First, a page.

I’m writing this now, reflecting at home after the semi finals of the Irish Barista Championships (with no intention of posting this until after the competition). I’m pleased to report I’ve made the final 6, but disappointed with nearly everything else. Some early small, unnecessary mistakes threw me so much that I made a spectacular series of mistakes. It felt as though the wheels were about to come off at any point and some inner sub-conscious force propelled me forward. It wasn’t the performance I planned, and it certainly wasn’t the performance the coffee in particular deserved.
I guess in way it was an incredibly concentrated learning experience.
Either way, tomorrow I hope to deliver the performance I had planned, to construct the drinks to the level I know they can be. If I can achieve that I don’t care if I finish in 6th. There’s nothing worse than knowing they could be better, and the blame is entirely yours.
Looking back on those words now, I am much happier. Having gotten up there once, the second time was much closer to what I wanted. Perhaps I relaxed too much, going over time pretty substantially (25 seconds). Nonetheless, the most important thing for me was to serve Tim Wendelboe’s Panacoffee (Finca La Milagrosa) the way I intended. The technical side of my scoring was not really of the same standard as the coffee.
Its been a crazy six weeks since I threw my hat into the ring. I’ve learned an enormous amount, certainly it has been a very worthwhile experience. I won’t lie, at times it was quite frustrating, tedious, it even seemed like some kind of crazy masochistic ritual.
I have to thank a load of very selfless people who helped me. Karl Purdy of Coffee Angel loaned me a La Spaziale S5 and a heavily modified Mazzer Super Jolly, to practice with and use in the competition, completely free of charge. Amazing generosity. The ever magnificent Paul Stack sent out one of his Marco crack-technicians to plumb it in.
Tim Varney and Tim Wendelboe presented me a selection of amazing coffees, any one of which would have been a great choice. Anyone who reads this blog probably knows the high regard I hold their buying and roasting of coffee. To put it simply, I have never had a coffee from Tim Wendelboe’s that I thought could have been roasted any better.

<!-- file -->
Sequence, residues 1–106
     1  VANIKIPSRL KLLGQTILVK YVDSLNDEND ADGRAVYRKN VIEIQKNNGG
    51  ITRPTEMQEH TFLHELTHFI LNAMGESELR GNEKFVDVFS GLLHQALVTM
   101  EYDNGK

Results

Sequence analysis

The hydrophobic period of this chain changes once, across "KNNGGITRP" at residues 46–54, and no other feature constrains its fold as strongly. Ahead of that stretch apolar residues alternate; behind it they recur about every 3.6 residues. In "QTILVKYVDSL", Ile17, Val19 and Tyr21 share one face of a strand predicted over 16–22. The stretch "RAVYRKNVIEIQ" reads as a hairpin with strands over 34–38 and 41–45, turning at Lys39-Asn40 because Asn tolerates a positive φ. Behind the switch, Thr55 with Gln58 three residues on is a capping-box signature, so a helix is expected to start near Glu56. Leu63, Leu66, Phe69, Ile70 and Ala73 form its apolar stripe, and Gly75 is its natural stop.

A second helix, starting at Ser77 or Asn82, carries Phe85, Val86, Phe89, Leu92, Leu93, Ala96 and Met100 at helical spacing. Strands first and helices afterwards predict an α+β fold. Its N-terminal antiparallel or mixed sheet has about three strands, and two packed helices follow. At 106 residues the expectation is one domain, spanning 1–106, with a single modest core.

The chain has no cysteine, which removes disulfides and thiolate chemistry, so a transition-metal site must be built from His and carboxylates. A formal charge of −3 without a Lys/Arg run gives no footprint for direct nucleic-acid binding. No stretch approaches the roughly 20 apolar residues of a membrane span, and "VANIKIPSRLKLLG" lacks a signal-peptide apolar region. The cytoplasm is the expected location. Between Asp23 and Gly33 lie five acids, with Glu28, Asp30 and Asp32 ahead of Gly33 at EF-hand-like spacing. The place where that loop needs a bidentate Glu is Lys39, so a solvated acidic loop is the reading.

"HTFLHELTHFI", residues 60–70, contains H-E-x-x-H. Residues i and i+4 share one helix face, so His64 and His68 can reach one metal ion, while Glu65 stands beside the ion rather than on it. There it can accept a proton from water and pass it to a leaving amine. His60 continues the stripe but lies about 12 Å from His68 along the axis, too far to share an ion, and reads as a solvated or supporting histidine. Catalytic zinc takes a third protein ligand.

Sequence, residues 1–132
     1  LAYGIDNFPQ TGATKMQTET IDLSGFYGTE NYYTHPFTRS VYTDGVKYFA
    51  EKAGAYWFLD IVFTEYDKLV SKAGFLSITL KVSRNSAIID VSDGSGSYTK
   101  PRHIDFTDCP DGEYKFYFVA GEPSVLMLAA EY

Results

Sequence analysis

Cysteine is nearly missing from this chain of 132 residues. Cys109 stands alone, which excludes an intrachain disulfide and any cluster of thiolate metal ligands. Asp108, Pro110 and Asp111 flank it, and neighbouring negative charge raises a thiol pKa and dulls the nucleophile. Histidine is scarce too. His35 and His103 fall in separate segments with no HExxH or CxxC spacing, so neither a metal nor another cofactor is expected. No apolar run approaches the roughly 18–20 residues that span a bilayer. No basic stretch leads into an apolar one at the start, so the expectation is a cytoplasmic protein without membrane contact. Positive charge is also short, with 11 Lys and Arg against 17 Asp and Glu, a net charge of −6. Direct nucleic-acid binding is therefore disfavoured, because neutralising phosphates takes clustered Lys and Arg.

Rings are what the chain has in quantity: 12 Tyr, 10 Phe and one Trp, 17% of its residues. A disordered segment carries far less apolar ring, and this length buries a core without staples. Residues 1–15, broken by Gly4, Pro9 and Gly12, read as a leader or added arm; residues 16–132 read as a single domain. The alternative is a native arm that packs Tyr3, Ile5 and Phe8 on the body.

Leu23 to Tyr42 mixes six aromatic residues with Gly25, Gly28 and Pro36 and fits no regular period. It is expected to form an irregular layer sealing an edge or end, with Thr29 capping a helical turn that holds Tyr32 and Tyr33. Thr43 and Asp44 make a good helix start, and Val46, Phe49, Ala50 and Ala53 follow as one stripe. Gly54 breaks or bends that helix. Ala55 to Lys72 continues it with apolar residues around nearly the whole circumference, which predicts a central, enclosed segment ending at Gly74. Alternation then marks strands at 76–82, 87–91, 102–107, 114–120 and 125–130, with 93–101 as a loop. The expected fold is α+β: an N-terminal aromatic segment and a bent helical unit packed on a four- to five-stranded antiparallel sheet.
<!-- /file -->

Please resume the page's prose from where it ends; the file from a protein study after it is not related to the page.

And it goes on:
Tim Varney is also owed a debt of gratitude for talking me down off a ledge with some of my earlier competition music choices. Good call.
Paul Radin, whom I have yet to meet, of CoffeeHit.co.uk sent me a mammoth timer equipped BNZ Conical. Until about 2 days before the competition I was planning to use 2 coffees, then I realised the machine table space at the IBC was going to be practically non-existent (1 meter across), so I opted to leave the BNZ and a second coffee at home (I found the Mazzer a hair more consistent with timed dosing, albeit twice as slow).
I want to thank Hector Vargas, the farmer from La Milagrosa. I spoke to Hector a little on email, talking about what they do on the farm. Got some amazing insights to their operation. Really like this line from his email:
“The name La MILAGROSA its because of the constant good results or miracles that we have had with our coffee since the begining, thanks to God. I can say that it is a MIRACLE, that our coffee takes place in Panama, is roasted in Norway and it is served in Ireland.”
My father who did the (raw) milk runs from my Grandfather’s farm in Mullinavat (about a 200 mile round trip), and also constructed me a knockbox surround.
My best friend Fergus, who sat through many run-throughs and became a general dogsbody on the final day.
Mostly to my wife, who put up with 6 weeks of disruption to our house, with countless run-throughs, discussions, advice, she in essence became my manager… and she doesn’t even drink coffee.
Big congrats to Colin. Super guy, super barista. I know he’ll do an amazing job in London.
I’m sure I will have more to add later. For now, over and out.